'Flat Earth Award' nominee's challenge to Chicken Littles
On April 12, the Monitor ran an article ("How students in one class tackled global warming") about Middlebury College students who, as part of a class on climate change and activism, designed the "Flat Earth Award" for global-warming naysayers. The winner, Dr. Fred Singer, is to be announced Friday, Earth Day.Skip to next paragraph
Subscribe Today to the Monitor
Dr. Singer prepared the following acceptance speech.
Dear Students of Middlebury College: I thank you for nominating me for the Flat Earth Award, along with Michael Crichton and Rush Limbaugh. I am truly honored to be in the company of these two gentlemen who are able to communicate the truth about global warming to millions of people.
According to your website (www.flatearthaward.org), you created the award as a humorous effort "to highlight the denial of global warming by prominent public figures." You claim that "despite an overwhelming scientific consensus that human-induced carbon-dioxide emissions are altering the global climate, some deniers remain. They are trying to convince the public and our government that a massive peer-reviewed international research project conducted by thousands of scientific researchers is bogus!"
Well now. As you undoubtedly realize, there is no consensus within the scientific community about global warming. And even if there were such a consensus, this is not how science progresses.
Remember: There was once a consensus that the sun revolves about the earth, that humans could not travel faster than 25 m.p.h., that manned flight was technically impossible, and that rockets could not operate in the vacuum of space.
What matters are facts based on actual observations. And as long as weather satellites show that the atmosphere is not warming, I cannot put much faith into theoretical computer models that claim to represent the atmosphere but contradict what the atmosphere tells us. [Editor's note: Satellite measurements indicate the lower atmosphere is warming at a rate of 0.12 degrees F. per decade.] A computer model is only as good as the assumptions fed into it.
I hope that this does not come as too much of a shock for you. As for the claimed consensus - as published by Naomi Oreskes in the Dec. 3, 2004, issue of Science: A colleague of mine completed an audit of the material used by Professor Oreskes but did not duplicate her result. I expect that her paper will be withdrawn. You may want to drop the link to her article on your website.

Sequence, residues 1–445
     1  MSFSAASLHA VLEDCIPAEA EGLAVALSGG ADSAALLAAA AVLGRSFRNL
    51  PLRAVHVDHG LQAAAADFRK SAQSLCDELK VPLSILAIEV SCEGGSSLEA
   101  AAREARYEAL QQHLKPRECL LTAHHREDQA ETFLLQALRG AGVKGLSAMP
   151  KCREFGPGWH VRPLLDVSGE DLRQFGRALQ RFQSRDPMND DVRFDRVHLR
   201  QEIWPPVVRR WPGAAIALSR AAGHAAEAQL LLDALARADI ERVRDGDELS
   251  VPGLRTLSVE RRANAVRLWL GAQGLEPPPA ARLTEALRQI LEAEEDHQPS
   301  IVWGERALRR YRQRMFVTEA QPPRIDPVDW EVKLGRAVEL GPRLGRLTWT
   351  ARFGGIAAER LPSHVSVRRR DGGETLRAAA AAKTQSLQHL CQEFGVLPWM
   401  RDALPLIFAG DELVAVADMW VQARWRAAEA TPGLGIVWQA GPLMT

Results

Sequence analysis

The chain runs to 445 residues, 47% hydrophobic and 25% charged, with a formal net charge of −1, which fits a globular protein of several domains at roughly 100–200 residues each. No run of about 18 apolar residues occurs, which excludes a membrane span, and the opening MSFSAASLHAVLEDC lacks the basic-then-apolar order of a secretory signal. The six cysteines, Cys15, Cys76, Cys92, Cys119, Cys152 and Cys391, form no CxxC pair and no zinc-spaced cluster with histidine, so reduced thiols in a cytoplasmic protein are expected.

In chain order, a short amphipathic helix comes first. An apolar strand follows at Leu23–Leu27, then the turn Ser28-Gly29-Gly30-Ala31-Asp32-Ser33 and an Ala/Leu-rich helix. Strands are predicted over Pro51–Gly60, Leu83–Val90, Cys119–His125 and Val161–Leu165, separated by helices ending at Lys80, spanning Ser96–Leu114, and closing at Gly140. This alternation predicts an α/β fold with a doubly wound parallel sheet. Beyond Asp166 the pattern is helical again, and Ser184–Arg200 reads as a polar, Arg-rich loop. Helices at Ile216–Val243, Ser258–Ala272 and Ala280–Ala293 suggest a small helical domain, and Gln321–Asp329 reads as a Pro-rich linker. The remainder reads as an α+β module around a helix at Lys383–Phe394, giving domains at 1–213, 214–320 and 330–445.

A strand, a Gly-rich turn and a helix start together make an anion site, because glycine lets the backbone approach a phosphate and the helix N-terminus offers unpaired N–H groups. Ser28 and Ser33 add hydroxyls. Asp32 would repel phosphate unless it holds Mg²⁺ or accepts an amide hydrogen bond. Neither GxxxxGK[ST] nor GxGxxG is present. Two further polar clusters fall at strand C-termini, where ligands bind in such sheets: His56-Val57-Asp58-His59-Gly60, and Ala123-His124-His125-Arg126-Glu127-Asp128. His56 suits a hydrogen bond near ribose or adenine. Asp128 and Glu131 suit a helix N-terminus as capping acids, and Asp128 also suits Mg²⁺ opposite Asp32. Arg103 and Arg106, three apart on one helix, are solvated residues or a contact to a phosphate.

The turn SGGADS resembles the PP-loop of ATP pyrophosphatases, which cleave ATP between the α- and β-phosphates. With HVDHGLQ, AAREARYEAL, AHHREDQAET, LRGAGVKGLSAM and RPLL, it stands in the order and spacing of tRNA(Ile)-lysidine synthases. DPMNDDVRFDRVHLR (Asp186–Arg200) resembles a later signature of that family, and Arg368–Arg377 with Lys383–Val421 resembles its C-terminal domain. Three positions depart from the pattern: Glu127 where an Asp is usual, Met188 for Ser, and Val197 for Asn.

And while we are at it, here are other corrections for your website. I continue to publish in peer-reviewed journals; there were two papers in the July 9, 2004, issue of Geophysical Research Letters.
Also, The Science and Environmental Policy Project is certainly not industry-funded (not that this would matter). But as a matter of policy, we rely on private donations and do not solicit support from either industry or government.
And finally, get rid of that awful picture in my bio.
So what's the real scoop on global warming? I do not deny the principle of global warming. As I told the Rutland (Vt.) Herald, "I believe that the climate is currently warming as a result of the increase of greenhouse gases.
"The greenhouse effect is real. However, the effect is minute, insignificant, and very difficult to detect. There is a discrepancy between what we expect from theory and the facts, and we need to explain that. That's what we're all working on."
And beyond this, competent economists conclude that a modest global warming is good for you - and agriculturists know that more CO2 is good for crops and forest growth.
And now, an announcement, inspired by your efforts: The Science and Environmental Policy Project will sponsor the prestigious Chicken Little Award.
The award will include some tangible benefits, consisting of a sculpture or painting of a chicken, a certificate, and a voucher for dinner at Kentucky Fried Chicken. I invite you and anyone else to send your nominations to Comments@sepp.org and our Selection Board will announce the winning nominees.
So again, thank you - and may the next Ice Age be long in coming.
S. Fred Singer, PhD Arlington, Va.
Professor Emeritus of Environmental Sciences, University of Virginia